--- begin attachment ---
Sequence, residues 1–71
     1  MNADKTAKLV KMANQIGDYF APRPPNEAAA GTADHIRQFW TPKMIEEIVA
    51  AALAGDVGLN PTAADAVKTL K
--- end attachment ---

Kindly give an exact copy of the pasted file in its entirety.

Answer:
Sequence, residues 1–71
     1  MNADKTAKLV KMANQIGDYF APRPPNEAAA GTADHIRQFW TPKMIEEIVA
    51  AALAGDVGLN PTAADAVKTL K